Her Doctrine and Morals

Twenty-first Sunday after Pentecost

14 October 2018


The Sunday


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Dear Friends,

The power of prayer is much greater than we even imagine. The servant in today's Gospel was burdened with an overwhelming debt. He asked for time to repay, but he was given much more than he asked. The entire debt was forgiven him. The same applies to us all in our prayers to God. He is desirous of giving us much more than we ever hope to ask for. We have been encouraged to ask and He has promised that we will receive. If we will seek, we shall find. If we knock He will open to us. We often are so short-sighted that we only ask and seek material things or temporal things. God desires to give us much more than this. These things are nothing compared to the eternal happiness He has in store for us in Heaven. It is this fullness of grace — eternal life in Heaven, that He desires that we ask for and seek.

In our confessions, we admit our crimes (sins) and beg for time to repent and to do penance — just like the servant in today's Gospel. God readily forgives us through the instrumentality of His priests. The priest imposes a penance that is much less than the punishment deserves. The mercy of Christ and His merits remove the heavy burden that we have imposed upon ourselves through sin. Through the sacrament of Penance, our sins are forgiven, but we also are showered with many graces to aid us in our seeking of the Kingdom of Heaven. The real tragedy is that these graces are often ignored or abused because we give no thought to the pursuit of the Kingdom of Heaven.

The magnificent gifts (graces) that God showers upon us are not truly understood, much less appreciated. The unjust servant was only concerned with his advancement in this world — in the temporal material world. Having been forgiven an enormous debt, he still feels his material poverty and seeks to rebuild for himself all that he lost of his Master's wealth — even if this entails abuse of his fellow servant.

The mercy of God is infinite and we should seek and beg for things eternal, not the things that are material and passing away with time. We are told to lay up treasures in Heaven — treasures that are eternal rather than ones that will be consumed by rust or moths or be stolen by thieves. We are admonished to seek first the Kingdom of Heaven. God will give us all the temporal or material things we need for the time we spend in this world. He does this for everyone — regardless of their goodness or sinfulness. His sun shines and His rain falls upon the just and the unjust alike in this world. However, only the just will enter into the eternal glory of Heaven.

The justice that opens the door to Heaven for us, is much more than we can ever hope to obtain of ourselves. However, it is very easily obtained, simply by asking for it. With true humble repentance, our sins are forgiven, grace is given, and the door to Heaven is opened to us.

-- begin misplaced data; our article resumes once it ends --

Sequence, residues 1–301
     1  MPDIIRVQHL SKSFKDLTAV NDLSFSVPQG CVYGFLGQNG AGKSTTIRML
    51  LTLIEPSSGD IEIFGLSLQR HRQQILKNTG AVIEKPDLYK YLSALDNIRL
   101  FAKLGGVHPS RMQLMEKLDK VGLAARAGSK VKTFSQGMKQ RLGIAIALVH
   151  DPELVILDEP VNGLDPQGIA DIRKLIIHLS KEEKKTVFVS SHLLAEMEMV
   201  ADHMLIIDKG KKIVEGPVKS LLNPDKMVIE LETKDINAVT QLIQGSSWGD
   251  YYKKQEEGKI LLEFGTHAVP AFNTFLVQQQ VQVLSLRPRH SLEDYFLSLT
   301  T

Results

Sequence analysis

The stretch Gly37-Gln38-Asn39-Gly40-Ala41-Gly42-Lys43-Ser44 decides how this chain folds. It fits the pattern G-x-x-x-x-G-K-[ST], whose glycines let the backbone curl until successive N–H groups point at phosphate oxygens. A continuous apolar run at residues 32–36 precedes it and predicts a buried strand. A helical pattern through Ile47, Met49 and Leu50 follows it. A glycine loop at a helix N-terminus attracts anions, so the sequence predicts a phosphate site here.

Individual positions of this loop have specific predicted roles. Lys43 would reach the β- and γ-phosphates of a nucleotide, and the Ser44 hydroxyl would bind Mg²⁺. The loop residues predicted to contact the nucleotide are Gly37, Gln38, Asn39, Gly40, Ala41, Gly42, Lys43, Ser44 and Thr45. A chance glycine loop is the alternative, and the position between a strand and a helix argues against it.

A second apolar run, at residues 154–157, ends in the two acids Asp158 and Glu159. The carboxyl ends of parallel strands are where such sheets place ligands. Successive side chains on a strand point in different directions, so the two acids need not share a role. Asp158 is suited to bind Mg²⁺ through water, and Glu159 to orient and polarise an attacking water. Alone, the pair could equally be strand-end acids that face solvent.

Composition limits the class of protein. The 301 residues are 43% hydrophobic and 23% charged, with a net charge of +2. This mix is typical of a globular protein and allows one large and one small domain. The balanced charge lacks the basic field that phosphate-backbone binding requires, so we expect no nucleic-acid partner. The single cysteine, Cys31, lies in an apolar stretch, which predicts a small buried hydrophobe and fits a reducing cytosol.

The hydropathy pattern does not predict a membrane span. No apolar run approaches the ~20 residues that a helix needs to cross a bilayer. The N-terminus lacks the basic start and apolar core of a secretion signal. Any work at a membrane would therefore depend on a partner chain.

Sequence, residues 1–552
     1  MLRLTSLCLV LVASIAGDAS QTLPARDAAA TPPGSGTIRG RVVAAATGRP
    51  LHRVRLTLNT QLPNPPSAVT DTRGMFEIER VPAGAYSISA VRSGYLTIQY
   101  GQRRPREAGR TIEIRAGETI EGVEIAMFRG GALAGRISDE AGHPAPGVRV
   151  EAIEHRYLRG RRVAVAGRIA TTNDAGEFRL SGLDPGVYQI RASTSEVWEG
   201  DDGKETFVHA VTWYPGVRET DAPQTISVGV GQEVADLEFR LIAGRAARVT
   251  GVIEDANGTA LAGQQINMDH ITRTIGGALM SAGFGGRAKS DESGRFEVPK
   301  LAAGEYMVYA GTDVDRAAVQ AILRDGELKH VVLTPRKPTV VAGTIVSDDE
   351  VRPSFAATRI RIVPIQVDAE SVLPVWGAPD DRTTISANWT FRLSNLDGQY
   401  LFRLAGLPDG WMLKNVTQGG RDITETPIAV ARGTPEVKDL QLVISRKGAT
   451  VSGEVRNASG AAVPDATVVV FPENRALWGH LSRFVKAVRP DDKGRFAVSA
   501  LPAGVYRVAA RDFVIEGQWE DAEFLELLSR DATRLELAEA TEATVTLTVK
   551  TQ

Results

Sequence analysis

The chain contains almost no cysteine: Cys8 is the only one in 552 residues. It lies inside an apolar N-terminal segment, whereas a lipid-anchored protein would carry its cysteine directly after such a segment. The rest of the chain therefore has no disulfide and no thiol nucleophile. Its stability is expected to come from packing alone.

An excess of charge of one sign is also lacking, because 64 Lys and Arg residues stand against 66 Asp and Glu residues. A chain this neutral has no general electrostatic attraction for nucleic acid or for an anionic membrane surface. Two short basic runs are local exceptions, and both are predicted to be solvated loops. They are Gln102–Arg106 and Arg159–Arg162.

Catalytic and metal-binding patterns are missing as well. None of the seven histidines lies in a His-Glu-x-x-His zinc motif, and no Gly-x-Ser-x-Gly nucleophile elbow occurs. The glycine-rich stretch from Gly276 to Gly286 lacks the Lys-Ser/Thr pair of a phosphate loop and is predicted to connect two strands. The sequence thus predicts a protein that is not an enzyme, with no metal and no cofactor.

Sadly, the parable does not end here. The servant who was given much more than he asked for or could even hope for forgot the mercy he received as he treated his fellow man most unmercifully. Having been forgiven much and given everything because he prayed for mercy, he now treats another without any compassion or consideration. For a trifling sum, he forfeits everything. No sooner does the Master hear of the stewards unmerciful conduct towards another, then He recalls him to his former debt and punishment. He had little; he gained everything; then he lost it all. Hence, the very words of the Lord's Prayer are brought to bear. "Forgive us our trespasses as we forgive those who trespass against us." This man could not forgive a debt that was owed to him, so he made it impossible for God to forgive him the debt that he had incurred.

We should learn to pray with confidence and to understand that God desires to give us much more than we can even hope to ask for. His mercy and generosity are, however, conditioned upon the mercy and generosity that we show to one another. God is generous with those who are generous; He is merciful towards those who are merciful. If we give a cup of water to someone in His Name, we have done it to Him. For the price of a cup of water, we can merit eternal happiness in Heaven. For the unmerciful demand of exact justice in regards to the smallest of debts from our neighbor, we are held to an exactness of justice in regards to our many offenses, and thus forfeit eternity. Like Esau, we sacrifice our inheritance (Heaven) for a mess of porridge.

May we always show loving-kindness, mercy, and generosity toward one another, so that we may receive the same from God.

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